Proper socialization is a must for the German shepherd puppy to reach its full potential. A German shepherd puppy that is not properly socialized will not mature into a dog that can be used for a specific purpose for a variety of reasons.
If a dog is not familiar with meeting strangers, it will either turn out to be timid around new people, or unsure of what you expect out of them. This can become an overly aggressive dog. A young German shepherd puppy must be socialized in every environment possible, so they know how to handle any situation. If an individual believes that they have a young dog that is a prospect for police work. Then it needs to get use to the sounds of gunshots. If not, then that dog will most likely not excel in that line of work. The first time the dog hears a gunshot, and it has not adapted to the sound. It will become easily sidetracked from its job. It could also become anxious and tuck its tail and run. That’s not the dog’s error, but rather the owners. And I believe with 100% certainty the breeders.
It is breeders responsibility to make sure that the German shepherd puppy is correctly socialized within its first 10 weeks of life. Too often German shepherd breeders allow a German shepherd puppy to leave their kennel prematurely. Sadly, without proper socialization to make certain that the German shepherd puppy will flourish in everyday life. Proper socialization and assessment of a German Shepherd puppy can not be reached within the first 8 weeks.
A knowledgeable German shepherd breeder is capable of noticing what all of their German shepherd puppies in a litter are suitable for. This could be for show, working, service, protection, search and rescue, companion dog, etc. The only way a breeder who takes true satisfaction in their litter can warranty this, is by making sure a German shepherd puppy is socialized appropriately for the first 10 weeks of their life.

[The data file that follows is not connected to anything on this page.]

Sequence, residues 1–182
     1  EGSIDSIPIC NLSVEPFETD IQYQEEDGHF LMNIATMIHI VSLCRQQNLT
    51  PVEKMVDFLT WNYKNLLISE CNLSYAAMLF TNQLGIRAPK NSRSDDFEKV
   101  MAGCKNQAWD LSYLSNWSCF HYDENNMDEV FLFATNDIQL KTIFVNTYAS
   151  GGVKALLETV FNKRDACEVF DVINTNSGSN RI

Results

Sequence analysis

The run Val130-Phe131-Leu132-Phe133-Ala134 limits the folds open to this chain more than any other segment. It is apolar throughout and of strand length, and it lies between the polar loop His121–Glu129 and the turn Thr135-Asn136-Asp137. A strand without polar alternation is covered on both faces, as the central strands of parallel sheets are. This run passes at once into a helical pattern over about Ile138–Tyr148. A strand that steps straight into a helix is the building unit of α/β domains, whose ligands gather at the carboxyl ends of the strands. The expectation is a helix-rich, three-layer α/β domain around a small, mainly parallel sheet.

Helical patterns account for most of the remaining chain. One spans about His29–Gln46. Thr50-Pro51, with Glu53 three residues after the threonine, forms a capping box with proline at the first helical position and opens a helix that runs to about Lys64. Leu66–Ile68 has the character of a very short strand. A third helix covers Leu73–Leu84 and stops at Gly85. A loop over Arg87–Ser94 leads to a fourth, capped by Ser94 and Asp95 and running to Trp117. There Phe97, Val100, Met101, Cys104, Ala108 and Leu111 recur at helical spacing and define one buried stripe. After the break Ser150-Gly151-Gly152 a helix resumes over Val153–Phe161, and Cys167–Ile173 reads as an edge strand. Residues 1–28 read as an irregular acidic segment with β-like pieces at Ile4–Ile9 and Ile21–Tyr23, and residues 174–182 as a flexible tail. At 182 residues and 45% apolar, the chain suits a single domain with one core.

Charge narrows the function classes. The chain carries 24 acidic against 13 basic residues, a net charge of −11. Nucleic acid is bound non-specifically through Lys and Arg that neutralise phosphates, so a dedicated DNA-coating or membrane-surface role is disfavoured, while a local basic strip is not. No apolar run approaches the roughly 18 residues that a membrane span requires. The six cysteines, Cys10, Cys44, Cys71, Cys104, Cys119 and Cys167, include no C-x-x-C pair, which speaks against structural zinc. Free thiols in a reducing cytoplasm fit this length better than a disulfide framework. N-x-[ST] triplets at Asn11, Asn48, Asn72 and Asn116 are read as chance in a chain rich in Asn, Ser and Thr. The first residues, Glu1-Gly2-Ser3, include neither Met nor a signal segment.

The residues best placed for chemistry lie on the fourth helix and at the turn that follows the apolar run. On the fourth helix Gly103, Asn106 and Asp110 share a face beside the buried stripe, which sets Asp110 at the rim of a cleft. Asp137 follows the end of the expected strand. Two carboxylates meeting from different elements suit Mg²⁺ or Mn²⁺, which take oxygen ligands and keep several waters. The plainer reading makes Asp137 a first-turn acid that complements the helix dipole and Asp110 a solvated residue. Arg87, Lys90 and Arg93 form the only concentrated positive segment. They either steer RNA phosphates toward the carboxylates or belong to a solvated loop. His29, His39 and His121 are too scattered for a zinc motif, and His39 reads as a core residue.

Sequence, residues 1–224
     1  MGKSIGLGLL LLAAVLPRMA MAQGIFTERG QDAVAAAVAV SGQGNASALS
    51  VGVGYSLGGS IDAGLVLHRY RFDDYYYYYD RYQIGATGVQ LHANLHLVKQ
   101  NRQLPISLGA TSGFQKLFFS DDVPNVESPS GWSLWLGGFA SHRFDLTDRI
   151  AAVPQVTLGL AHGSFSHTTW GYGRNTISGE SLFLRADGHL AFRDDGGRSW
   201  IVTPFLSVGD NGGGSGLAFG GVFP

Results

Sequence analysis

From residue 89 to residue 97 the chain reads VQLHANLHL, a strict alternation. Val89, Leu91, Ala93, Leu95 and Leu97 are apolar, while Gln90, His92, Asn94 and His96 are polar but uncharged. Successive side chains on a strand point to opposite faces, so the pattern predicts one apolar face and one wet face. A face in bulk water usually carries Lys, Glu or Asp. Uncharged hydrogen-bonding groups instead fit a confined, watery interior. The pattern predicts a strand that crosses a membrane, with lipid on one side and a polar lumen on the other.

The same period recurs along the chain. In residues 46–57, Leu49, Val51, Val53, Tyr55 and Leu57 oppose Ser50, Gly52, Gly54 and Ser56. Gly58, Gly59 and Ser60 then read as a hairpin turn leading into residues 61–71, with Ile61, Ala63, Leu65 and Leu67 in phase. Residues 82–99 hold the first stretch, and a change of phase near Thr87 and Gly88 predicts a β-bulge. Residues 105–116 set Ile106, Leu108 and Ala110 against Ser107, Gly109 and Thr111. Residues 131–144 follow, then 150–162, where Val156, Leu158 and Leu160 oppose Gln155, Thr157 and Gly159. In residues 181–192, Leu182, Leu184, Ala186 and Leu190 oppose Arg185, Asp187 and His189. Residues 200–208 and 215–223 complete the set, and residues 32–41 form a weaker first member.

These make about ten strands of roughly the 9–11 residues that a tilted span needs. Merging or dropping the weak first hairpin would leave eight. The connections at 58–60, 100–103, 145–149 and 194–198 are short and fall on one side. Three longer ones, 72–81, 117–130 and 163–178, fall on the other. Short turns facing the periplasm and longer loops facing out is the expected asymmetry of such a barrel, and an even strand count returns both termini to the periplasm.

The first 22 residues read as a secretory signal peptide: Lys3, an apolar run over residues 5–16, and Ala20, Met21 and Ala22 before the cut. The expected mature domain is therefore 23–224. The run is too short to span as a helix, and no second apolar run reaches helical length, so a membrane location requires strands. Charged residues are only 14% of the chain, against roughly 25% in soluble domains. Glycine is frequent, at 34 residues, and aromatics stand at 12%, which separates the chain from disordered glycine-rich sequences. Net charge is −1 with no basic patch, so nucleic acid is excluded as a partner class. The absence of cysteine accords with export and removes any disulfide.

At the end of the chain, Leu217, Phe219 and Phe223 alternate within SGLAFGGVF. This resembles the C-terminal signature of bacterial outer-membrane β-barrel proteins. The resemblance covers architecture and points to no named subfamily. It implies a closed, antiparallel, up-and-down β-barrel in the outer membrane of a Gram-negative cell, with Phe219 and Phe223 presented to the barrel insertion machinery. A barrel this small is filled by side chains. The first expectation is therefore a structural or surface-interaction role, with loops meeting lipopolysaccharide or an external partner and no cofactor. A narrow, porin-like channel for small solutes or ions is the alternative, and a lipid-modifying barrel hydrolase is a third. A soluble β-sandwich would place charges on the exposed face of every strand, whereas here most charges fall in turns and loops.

Proper socialization for a German shepherd puppy includes:
- Riding in a vehicle
- Acclimation to being on a leash
- Crate training
- Going to town and meeting strangers while ignoring buses, cars and bicycles. (college campuses are great for this exercise)
- Playing with other dogs large and small breeds (must show no dog aggression)
- Going into a store (this could be as simple as Pet-Smart)
- Walking on slippery floors with out a problem
- Climbing stairs (up and down)
- Indifferent to cats, ducks, chickens, squirrels, grasshoppers, livestock and any other type of animal
- Reacting Indifferently to Gun fire not easily startled and shying away
- Comfortable with children (as seen in our video above)
- Confident at the vet. Allows handler and vet to look in mouth , ears and give a physical exam
- Loud noises like clatter sticks or a bottle with rocks inside should not alarm the puppy or distract it from focusing
- Opening an umbrella does not alarm the dog
- Walking over a bridge with water flowing under it
All of these steps will assist a German shepherd puppy in becoming positive and social. It is the breeder’s responsibility to do this. The Breeder is also accountable to properly socialize the German shepherd puppy with human contact. This can be done from the time of birth. The puppies need to be taught how to trust the human hand. Simply touching the puppy’s paws will help the German shepherd puppy grow accustomed to human touch. This will also allow for easier nail trimming during grooming.